Alpha-tocotrienol is a tocotrienol which is chroman-6-ol substituted by methyl groups at positions 2, 5, 7 & 8 and a farnesyl chain at position 2. It is present in palm oil derived from Elaeis guineensis. It acts as a neuroprotective agent and also a plant metabolite. It is a vitamin E and tocotrienol. It could be found in blood plasma and all lipoprotein subfractions.
In 1964, Pennock and Whittle discovered tocotrienols describing an isolation of tocotrienols from rubber. In early 1980s, its biological significance was clearly delineated when its ability to reduce cholesterol was first reported by Elson and Qureshi in Journal of Medicinal Chemistry. During 1990s, anti-cancer properties of tocopherols and tocotrienols began to be depicted. Rice and palm are the current commercial sources of tocotrienol. Other natural sources include coconut oil, rice bran oil, barley, cocoa butter and wheat germ. It is considered to be safe and human studies show no adverse effects with an intake of 240 mg/day for 48 months.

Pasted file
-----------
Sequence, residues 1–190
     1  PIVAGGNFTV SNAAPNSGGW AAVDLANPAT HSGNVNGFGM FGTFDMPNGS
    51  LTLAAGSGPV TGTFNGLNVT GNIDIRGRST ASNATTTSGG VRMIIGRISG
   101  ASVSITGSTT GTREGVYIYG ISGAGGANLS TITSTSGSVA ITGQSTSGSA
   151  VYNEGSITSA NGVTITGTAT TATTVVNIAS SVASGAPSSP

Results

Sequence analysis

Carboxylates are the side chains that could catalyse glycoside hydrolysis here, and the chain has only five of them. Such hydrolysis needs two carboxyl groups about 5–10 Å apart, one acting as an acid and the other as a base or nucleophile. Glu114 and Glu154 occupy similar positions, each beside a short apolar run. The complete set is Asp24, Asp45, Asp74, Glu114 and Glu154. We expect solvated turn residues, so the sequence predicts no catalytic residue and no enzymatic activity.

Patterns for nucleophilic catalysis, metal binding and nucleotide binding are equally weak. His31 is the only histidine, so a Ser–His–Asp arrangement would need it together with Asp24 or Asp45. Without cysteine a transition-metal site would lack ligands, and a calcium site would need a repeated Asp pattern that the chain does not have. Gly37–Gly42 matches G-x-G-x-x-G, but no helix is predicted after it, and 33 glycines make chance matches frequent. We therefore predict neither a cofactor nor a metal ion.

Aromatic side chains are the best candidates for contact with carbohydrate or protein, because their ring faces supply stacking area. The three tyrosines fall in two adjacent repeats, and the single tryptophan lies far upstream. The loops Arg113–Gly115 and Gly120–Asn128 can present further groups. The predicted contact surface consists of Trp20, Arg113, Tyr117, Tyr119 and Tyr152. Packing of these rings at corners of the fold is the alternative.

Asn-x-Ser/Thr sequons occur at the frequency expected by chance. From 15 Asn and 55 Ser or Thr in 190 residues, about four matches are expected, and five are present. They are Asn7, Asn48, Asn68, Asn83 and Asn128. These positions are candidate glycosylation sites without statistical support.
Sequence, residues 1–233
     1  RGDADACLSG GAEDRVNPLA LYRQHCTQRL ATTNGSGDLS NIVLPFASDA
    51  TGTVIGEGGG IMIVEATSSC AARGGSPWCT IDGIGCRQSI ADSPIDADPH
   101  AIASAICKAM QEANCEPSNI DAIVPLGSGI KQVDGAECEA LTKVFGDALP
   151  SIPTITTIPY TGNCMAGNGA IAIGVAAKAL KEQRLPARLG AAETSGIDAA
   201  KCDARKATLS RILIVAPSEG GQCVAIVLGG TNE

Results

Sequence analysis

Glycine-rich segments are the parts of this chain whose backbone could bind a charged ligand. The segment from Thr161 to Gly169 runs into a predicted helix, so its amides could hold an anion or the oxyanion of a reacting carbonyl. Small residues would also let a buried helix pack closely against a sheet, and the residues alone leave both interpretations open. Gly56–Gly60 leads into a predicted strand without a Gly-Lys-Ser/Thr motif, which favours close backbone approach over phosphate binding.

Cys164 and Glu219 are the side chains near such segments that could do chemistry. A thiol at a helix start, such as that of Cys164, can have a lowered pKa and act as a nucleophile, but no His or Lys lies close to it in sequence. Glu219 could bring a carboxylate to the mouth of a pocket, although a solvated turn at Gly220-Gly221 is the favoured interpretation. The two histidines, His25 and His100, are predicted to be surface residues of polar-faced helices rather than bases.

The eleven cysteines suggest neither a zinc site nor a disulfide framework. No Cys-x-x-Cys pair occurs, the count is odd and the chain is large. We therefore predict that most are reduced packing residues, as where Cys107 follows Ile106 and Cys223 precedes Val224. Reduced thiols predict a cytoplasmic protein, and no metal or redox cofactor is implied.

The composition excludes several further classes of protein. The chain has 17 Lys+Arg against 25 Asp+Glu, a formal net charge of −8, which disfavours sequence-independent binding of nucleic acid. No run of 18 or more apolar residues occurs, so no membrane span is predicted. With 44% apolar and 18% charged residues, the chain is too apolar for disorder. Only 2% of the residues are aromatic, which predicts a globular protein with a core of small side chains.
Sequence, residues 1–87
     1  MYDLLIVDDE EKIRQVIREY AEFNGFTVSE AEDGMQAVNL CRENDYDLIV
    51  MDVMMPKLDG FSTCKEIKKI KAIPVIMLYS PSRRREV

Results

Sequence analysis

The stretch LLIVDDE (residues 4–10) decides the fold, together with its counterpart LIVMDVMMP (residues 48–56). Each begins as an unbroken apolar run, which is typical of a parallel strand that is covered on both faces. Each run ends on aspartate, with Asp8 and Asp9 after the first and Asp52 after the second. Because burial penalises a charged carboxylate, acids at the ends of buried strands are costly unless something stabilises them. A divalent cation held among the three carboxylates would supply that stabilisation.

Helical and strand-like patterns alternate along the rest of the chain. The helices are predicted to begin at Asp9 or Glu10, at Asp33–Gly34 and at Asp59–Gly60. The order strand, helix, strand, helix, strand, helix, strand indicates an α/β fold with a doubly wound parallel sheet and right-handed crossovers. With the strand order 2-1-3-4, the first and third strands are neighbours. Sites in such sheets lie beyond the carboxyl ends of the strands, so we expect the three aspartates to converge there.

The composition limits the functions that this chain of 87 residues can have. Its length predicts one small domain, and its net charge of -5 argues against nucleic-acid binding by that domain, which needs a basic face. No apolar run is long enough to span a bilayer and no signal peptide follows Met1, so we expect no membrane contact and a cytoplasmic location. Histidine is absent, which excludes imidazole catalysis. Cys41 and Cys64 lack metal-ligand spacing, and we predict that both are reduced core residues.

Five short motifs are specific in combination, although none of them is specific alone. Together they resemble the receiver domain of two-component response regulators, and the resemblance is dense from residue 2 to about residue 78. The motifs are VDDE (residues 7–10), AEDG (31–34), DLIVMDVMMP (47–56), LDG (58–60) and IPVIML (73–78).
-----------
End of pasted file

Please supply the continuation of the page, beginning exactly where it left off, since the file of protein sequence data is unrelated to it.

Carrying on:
|Food name||Weight (g)||Alfa Tocotrienol (mg)|